Industry and other stakeholders increasingly rely upon simulations to inform their decisions. To make this strategy routine and reliable these simulation results must be accompanied by quantitative statements of their quality. Uncertainty quantification refers to the growing suite of tools situated at the crossroads of statistics, mathematics, numerical analysis, and computational physics that are designed to accomplish this task.
We are investigating and promoting applications of uncertainty quantification to problems in computational material science. Detailed investigation of promising use cases will lead to creation of guidance and best practices in the use of numerical simulation to inform decision making in the materials development cycle.
Our work aims to develop technical tools for uncertainty quantification as well as build a larger community of practice within computational materials science. Representative examples are:
Uncertainty Quantification in Molecular Dynamics Simulations
We are developing applications of uncertainty quantification to molecular dynamics simulations of polymer systems of interest to the aerospace industry. This project is currently researching tools to assess the uncertainty of computationally derived measurements of the glass-transition temperature, yield-strain, and radial distribution functions for molecular systems.
Uncertainty Quantification for Finite Element Simulations
The finite element method is a simulation workhorse used throughout industry to solve problems in computational fluid mechanics, structural analysis, electromagnetics, and acoustics to name only a few. We are developing uncertainty quantification analysis techniques based on design of experiments to assess quantitative agreement of finite element solutions of specific, well-characterized benchmark problems. Uncertainty in solutions are characterized with respect to: software platform, element type, degrees of freedom, and element aspect ratio.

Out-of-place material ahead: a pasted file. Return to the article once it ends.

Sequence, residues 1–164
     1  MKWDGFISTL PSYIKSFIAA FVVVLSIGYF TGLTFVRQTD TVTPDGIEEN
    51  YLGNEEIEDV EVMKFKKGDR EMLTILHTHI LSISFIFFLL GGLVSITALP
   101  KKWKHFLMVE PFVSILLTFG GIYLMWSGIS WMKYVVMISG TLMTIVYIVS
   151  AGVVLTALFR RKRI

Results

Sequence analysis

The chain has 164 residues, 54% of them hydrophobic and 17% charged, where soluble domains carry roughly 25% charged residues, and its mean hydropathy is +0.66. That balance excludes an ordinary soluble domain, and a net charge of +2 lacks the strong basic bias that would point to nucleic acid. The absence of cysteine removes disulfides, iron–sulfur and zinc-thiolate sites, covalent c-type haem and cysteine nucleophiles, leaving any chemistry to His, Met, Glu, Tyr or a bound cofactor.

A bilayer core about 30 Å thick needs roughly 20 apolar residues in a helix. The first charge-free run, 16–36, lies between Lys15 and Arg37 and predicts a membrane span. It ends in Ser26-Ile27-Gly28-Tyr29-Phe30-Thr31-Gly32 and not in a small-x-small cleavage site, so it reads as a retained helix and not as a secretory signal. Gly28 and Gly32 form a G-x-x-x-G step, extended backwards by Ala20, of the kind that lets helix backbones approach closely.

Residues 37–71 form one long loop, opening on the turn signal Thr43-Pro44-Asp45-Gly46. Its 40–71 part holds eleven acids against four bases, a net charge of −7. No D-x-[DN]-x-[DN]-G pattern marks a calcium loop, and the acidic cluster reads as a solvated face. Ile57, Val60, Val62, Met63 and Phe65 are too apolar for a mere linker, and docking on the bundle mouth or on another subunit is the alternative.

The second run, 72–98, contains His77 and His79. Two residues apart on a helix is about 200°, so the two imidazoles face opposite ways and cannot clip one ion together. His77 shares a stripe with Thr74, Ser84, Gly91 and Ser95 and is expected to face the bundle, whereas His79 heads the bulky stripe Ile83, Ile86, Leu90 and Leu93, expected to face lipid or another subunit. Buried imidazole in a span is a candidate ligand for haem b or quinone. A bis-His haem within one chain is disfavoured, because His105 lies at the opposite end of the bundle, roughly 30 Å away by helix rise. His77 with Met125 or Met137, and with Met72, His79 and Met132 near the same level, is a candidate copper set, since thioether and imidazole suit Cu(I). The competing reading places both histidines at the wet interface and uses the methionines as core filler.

- Patrone, P. N., Dienstfrey, A., "Uncertainty Quantification in Molecular Dynamics", Reviews in Computational Chemistry, invited review to appear 2017.
- Patrone, P. N., Rosch, T. W., Phelan Jr., F. R., "Bayesian Calibration of Coarse-Grained Forces: Efficienty addressing transferability", J. of Chemical Physics 144, 154101 (2016), http://dx.doi.org/10.1063/1.4945380(link is external)
- Patrone, P. N., Dienstfrey, A., Browning, A. R., Tucker, S., Christensen, S., "Uncertainty Quantification in Molecular Dynamics Studies of the Glass Transition Temperature", Polymer 87, 22 (2016), http://dx.doi.org/10.1016/j.polymer.2016.01.074(link is external)
- Fong, J. T., Filliben, J. J., Heckert, N. A., Marcal, P. V., Rainsburger, R. and Ma, L., "Uncertainty Quantification of Stresses in a Cracked Pipe Elbow Weldment Using a Logistic Function Fit, a Nonlinear Least Square Algorithm, and a Super-Parametric Method", Procedia Engineering 130, (2015), http://dx.doi.org/10.1016/j.proeng.2015.12.183(link is external).
- Dienstfrey, A., Phelan Jr., F. R., Christensen, S., Strachan, A., Santosa, F., Boisvert, R., "Uncertainty Quantification in Materials Modeling", JOM 66, 7 (2014), http://dx.doi.org/10.1007/s11837-014-1049-1(link is external)
Short courses and Conference Presentations
- The short course, "Uncertainty Quantification (UQ) in Finite Element Method (FEM)" was offered at NIST on Dec 7, 2016. Course materials are available upon request.
- Fong, J. T., Filliben, J. J., Heckert, N. A., Marcal, P. V., and Cohn, M. J., 2016, "A Statistical Approach to Estimating a 95% Confidence Lower Limit for the Design Creep Rupture Time vs. Stress Curve when the Stress Estimate Has an Error up to 2%," in Proc. ASME 2016 Pressure Vessels & Piping Conf., July 17-21, 2016, Vancouver, BC, Canada Paper No. PVP2016-63350 (2016), http://dx.doi.org/10.1115/PVP2016-63350(link is external)
- The Uncertainty Quantification in Materials Modeling(link is external) workshop was held at the National Center for Nanotechnology, Purdue University, July 28--31, 2015.